Antigone Project Phase II

Students from high schools in Greece, India, the Netherlands, and the United States recently participated in the second phase of the Antigone Project, which invites students to film and share their own performances of the Antigone of Sophocles, with the goal of engaging in a meaningful comparative dialogue with fellow participants from around the globe.

In this continuation of the Antigone Project, the tragedy was divided into nine sections, and each student group selected one of the passages and performed it in the language of their choice, with complete freedom with regard to staging, costumes, and props. The videos below are diverse in their interpretation, but common to all is the passion with which the students bring to life the ancient drama. They interpret with fierce clarity the struggle between individual conscience and legal authority, religious obligation and the rule of law, and their performances expose the abuses of power and suffering associated with these conflicts.

After filming their passages and sharing them with each other through the CHS Kosmos community, the student groups will meet online to discuss their experiences. In addition to their chosen passage, student groups performed the “Ode to Man” (lines 334–384), a famously beautiful and complex choral ode that begins with the word deinos, which is one of the most ambiguous words in the ancient Greek language, meaning both “wonderful” and “terrible.” The online conversation will begin with this selection before embarking on an exploration of the students’ differing approaches to the text, the performance, and the characters. We will share their observations with you in a separate blog post, as well as their comments about their performances, and who they feel is the hero of the tragedy, Antigone or Creon.

In the months ahead, we aim to complete a composite production of Sophocles’ ancient drama. Through the use of modern technology, and with the tremendous reach of the HeroesX course and the Kosmos Society, we believe that the students can engage in creating a modern and global festival Dionysia.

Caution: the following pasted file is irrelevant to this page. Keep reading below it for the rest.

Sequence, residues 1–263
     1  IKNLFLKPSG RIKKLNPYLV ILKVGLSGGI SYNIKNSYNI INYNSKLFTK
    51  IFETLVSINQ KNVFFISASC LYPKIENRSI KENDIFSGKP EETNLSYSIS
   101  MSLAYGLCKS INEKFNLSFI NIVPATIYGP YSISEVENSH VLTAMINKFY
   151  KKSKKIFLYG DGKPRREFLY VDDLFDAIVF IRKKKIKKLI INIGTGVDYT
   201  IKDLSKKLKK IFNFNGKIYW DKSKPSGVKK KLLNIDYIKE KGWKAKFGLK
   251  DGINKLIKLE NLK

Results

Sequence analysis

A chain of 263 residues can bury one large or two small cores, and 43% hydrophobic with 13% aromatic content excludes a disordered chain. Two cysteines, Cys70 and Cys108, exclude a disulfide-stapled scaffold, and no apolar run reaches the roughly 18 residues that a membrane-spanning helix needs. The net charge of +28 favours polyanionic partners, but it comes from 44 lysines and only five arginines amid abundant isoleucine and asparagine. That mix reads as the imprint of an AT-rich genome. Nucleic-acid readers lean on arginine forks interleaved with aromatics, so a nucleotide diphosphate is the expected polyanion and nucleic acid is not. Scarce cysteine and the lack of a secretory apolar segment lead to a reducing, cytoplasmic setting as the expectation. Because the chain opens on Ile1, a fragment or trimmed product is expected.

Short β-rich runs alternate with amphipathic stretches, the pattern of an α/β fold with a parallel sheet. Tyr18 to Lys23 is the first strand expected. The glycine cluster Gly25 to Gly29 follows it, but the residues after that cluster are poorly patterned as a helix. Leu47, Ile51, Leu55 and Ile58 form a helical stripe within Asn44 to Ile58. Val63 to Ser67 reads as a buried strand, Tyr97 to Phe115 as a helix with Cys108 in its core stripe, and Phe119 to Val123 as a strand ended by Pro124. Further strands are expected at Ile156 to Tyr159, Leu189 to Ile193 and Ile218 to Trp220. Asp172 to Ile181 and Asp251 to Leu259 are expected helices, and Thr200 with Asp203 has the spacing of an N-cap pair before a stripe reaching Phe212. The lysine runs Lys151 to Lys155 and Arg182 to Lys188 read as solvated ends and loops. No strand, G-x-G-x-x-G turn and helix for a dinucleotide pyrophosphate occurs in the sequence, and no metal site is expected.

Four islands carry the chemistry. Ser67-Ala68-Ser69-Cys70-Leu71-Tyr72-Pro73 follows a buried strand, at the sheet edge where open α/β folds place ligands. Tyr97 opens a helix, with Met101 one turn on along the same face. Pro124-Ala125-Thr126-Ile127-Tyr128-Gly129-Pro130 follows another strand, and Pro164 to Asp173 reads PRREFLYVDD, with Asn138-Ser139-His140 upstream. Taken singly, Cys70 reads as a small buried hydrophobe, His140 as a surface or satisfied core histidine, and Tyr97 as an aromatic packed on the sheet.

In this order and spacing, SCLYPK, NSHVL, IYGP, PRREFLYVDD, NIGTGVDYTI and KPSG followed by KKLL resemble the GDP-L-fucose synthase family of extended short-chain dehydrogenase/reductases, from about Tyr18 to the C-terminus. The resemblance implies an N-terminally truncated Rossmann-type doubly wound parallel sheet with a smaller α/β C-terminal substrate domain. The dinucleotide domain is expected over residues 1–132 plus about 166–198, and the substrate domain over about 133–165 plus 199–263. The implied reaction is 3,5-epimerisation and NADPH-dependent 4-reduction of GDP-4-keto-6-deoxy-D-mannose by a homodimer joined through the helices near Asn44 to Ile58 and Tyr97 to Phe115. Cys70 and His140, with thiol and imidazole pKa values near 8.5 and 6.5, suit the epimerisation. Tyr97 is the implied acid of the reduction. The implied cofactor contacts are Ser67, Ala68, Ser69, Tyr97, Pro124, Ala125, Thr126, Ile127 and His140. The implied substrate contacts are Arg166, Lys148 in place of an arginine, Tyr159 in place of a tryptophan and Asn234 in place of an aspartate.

I think the girls have been very fortunate for having been given this wonderful opportunity to participate in such a prestigious and creative venture. This experience is one they will cherish forever and I am deeply grateful to you and your team for having devised and organised it. In spite of the technological leaps the human race has taken, there are all kinds of glitches that separate us into different worlds. But this extraordinary project removed all barriers and brought all of us closer in our mission of international-‘oneness’.
—Lipi Sarma, Team Coordinator of the Modern High School for Girls, Kolkata, India


A special thank you to 1st and 2nd High Schools, Nafplio, Greece, Gloucester High School, Massachusetts, USA, Lynn English High School, Massachusetts, USA, Modern High School for Girls, Kolkata, India, and Trinitas Gymnasium, Almere, Netherlands, for their participation, and to the Department of Theatre Studies, University of Peloponnese, Nafplio, Greece, for permission to film on their premises. Our thanks to the coordinators:

1st and 2nd High Schools of Nafplio, Greece:

  • Matina Goga, CHS GR Communications Coordinator and Programs Development
  • Christina Lafi, CHS GR Content Editor and Programs Assistant

Gloucester High School, Massachusetts, USA:

  • Jessica Ruggles, Theater Arts Teacher

Lynn English High School, Massachusetts, USA:

  • Michael López-Sáenz, Drama Teacher/Director

Modern High School for Girls, Kolkata, India:

  • Damayanti Mukherjee, Principal
  • Sheta Saha, IB Diploma Coordinator and HS Coordinator
  • Lipi Sarma, Team Coordinator

Trinitas Gymnasium, Almere, Netherlands:

  • Marianne Compagner, Headmaster at the Secondary School Levant, Zeewolde, Netherlands
  • Bas Jacobs, Teacher of Drama at Park Lyceum and Trinitas Gymnasium, Almere, Netherlands
  • Emily Koger-Riemers, Theater Maker/Trainer/Author, Lelystad, Netherlands
  • Rien de Meij, Netherlands
  • Nikos Papadopoulos, Teacher of Classics at Trinitas Gymnasium, Almere, Netherlands
  • Jeroen Rijlaarsdam, Teacher of Geography and Deputy Headmaster at Trinitas Gymnasium, Almere, Netherlands

Antigone Project Coordinators: Jessica Eichelburg and Christina Lafi

Selections from Antigone

Note: to select subtitles, click on the Tool button at the bottom of the video playback, and choose the language you prefer.

Select subtitles

Lines 1–161 | Gloucester High School, Massachusetts, USA

Performed in English

Lines 155–331 | 1st and 2nd High Schools of Nafplio, Greece

Performed in Modern Greek (with English subtitles)

Lines 441–582 | Lynn English High School, Massachusetts, USA

Performed in English

Lines 577–800 | Modern High School for Girls, Kolkata, India

Performed in English

Lines 801–943 | Trinitas Gymnasium, Almere, Netherlands

Performed in Dutch (with English subtitles)

“Ode to Man” | Lines 334–383

1st and 2nd High Schools of Nafplio, Greece

Gloucester High School, Massachusetts, USA

Lynn English High School, Massachusetts, USA

Trinitas Gymnasium, Almere, Netherlands